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Early Black American Writers

Early Black American Writers

by Benjamin Brawley (Editor)

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Everyone is familiar with the rhetoric of reform and humanism, written by whites, which did much to inflame the nation to the point of civil war. Who spoke for the black man during this crucial period of his history? How did he see the issues which bore so directly on himself and his race — present and future? How did he feel about them?
In this anthology


Everyone is familiar with the rhetoric of reform and humanism, written by whites, which did much to inflame the nation to the point of civil war. Who spoke for the black man during this crucial period of his history? How did he see the issues which bore so directly on himself and his race — present and future? How did he feel about them?
In this anthology, the black man speaks for himself. Beginning with the earliest published work of a black American, selections in this volume cover the period from 1761 through the Civil War years. Varying greatly in education and technical skill, from self-taught slave to college-trained scholar, the writers in this collection did much to shape the developing culture of black America. Professor Brawley prefaces each selection with a biographical account of its author, and with sympathetic but objective critical analysis of the work presented. His introduction gives a valuable overview of black literature in this early period, telling the reader who black writers were and describing the issues — political, social, and moral — that concerned them.
Included are selections from the work of Jupiter Hammon, Gustavus Vassa, Phillis Wheatley, W. W. Brown, F. E. W. Harper, and many others as yet less known. Whether writing about religion, slavery, military service, voting rights, or the colonization of Liberia, these writers merit attention on both artistic and historical grounds. Brawley's historical and literary insights guide readers to a full appreciation of these works. A lamentable gap in knowledge of the black experience is filled by this anthology; it should be read by all students of history and literature.

Product Details

Dover Publications
Publication date:
Black Rediscovery Series
Product dimensions:
5.36(w) x 8.44(h) x 0.63(d)

Read an Excerpt

Early Black American Writers

Selections with Biographical and Critical Introductions

By Benjamin Brawley

Dover Publications, Inc.

Copyright © 1992 Dover Publications, Inc.
All rights reserved.
ISBN: 978-0-486-14463-4



JUPITER HAMMON seems to have been born between 1720 and 1730, and to have died soon after 1800; but there is no definite evidence on either point. He was first owned by Henry Lloyd, who lived on Long Island. On the death of this master in 1763, Hammon went with the portion of the estate that fell to Joseph, one of four sons. When Joseph Lloyd died in the course of the Revolutionary War, he passed into the service of John Lloyd, Jr., a grandson; and he was with the family in Hartford, Conn., while the British were in possession of Long Island. He was a dutiful servant, so highly esteemed by the Lloyds that they assisted him in placing his verses before the public.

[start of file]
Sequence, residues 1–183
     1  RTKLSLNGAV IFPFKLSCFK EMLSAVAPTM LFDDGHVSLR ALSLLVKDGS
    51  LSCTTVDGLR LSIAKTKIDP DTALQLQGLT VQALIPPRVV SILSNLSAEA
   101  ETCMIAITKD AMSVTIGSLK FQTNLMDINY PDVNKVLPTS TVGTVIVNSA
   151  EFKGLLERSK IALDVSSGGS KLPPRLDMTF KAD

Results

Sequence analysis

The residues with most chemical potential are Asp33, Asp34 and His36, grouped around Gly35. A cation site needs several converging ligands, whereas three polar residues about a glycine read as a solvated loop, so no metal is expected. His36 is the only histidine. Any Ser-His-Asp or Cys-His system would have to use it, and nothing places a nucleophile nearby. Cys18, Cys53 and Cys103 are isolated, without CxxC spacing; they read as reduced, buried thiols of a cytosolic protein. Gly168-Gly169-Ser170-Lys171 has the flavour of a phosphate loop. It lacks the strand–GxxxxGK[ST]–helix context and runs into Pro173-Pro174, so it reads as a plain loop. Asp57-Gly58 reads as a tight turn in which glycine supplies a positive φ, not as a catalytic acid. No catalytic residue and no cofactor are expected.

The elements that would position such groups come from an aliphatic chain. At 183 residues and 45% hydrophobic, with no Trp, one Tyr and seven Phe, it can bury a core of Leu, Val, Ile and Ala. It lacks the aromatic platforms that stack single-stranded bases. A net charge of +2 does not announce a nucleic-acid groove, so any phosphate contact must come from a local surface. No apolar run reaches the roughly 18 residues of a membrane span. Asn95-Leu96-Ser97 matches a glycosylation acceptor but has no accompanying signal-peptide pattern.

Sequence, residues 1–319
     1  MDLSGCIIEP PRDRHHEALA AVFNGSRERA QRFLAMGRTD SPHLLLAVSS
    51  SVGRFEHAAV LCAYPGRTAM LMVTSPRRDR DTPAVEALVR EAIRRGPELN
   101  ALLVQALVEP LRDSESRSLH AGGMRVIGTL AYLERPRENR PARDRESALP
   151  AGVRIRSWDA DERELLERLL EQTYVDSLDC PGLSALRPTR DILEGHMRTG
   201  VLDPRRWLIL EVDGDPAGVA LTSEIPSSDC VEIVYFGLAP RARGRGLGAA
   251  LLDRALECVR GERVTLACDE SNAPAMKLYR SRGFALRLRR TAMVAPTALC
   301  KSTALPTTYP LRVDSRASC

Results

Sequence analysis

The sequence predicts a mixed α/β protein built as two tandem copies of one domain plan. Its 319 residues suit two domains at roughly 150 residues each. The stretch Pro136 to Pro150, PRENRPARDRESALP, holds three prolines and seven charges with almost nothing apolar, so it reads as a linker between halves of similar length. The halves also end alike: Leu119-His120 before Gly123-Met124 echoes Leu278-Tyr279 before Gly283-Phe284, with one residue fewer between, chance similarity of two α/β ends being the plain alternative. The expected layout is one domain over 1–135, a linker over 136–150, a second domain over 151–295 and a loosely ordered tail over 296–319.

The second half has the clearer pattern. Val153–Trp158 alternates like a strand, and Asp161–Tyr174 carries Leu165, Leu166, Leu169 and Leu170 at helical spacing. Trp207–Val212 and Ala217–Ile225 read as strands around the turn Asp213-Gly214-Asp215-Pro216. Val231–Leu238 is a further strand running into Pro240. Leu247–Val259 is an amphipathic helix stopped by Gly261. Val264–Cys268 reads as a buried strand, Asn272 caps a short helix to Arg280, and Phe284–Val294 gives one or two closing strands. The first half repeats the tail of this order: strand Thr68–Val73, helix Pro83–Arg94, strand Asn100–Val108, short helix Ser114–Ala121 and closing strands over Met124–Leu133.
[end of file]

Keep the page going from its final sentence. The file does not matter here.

Hammon grew into manhood in the years when the Wesleyan revival was making itself felt in England and America, and he was strongly influenced by the evangelical hymns of Charles Wesley, John Newton, and William Cowper. Early in 1761 was printed as a broadside in New York "An Evening Thought. Salvation by Christ, with Penetential Cries: Composed by Jupiter Hammon, a Negro belonging to Mr. Lloyd, of Queen's Village, on Long Island, the 25th of December, 1760." This was the first composition by a Negro printed within the present limits of the United States. The second production was "An Address to Miss Phillis Wheatly," dated Hartford, August 4, 1778. This consisted of twenty-one four-line stanzas and was also in broadsheet form. Then appeared "An Essay on the Ten Virgins" (1779), of which no copy seems to have been preserved, and "A Winter Piece" (Hartford, 1782). This latter production was for the most part a sermon in prose, but on the last two pages was "A Poem for Children, with Thoughts on Death." "An Evening's Improvement," written toward the close of the war, has special autobiographical interest, containing a poetical dialogue entitled "The Kind Master and the Dutiful Servant."

Somewhat apart from Hammon's other efforts is a prose production, "An Address to the Negroes of the State of New York," originally presented to the members of the African Society in the City of New York September 24, 1786, and printed early in 1787. This shows the writer as feeling it his personal duty to bear slavery with patience, but as strongly opposed to the system and as urging that young Negroes be manumitted. Hammon had to receive editorial assistance before the Address could be issued, but the style is evidently his own. There was an immediate reprinting in Philadelphia by order of the Pennsylvania Society for Promoting the Abolition of Slavery, and there was a third edition after the author's death. Because of his personal submission to slavery and his generally conciliatory attitude, Hammon was not quite in line with such independent and aggressive Negro leaders as Richard Allen and Prince Hall, who were already on the scene; and he passed into oblivion when he died. Only within recent years has there been a revival of interest in his achievement. It is worth while to note, however, that in his will dated 1795 John Lloyd, Jr., ordered that certain of his slaves be set free on arriving at the age of twenty-eight; and the Address doubtless had something to do with the fact that in 1799 the state of New York took formal action looking toward the gradual emancipation of all slaves within her borders.

One who reads Hammon to-day must remember that he was a slave working without the advantage of formal education and basing his rhythm on the strongly accented measures of the hymns that he heard. Only thus can allowance be made for the faulty syntax, the forced rhymes, and the strained metrical effects to be found in his work. He was content to express his pious musing in such forms as he knew, and he at least has the virtue of earnestness. The authoritative edition is Jupiter Hammon, American Negro Poet; Selections from his writings and a bibliography, by Oscar Wegelin. Printed for Charles Fred Heartman, New York, 1915. As was said in the Preface, we are indebted to Mr. Heartman for permission to print the two poems given below.


    Salvation comes by Christ alone,
    The only Son of God;
    Redemption now to every one,
    That love his holy Word.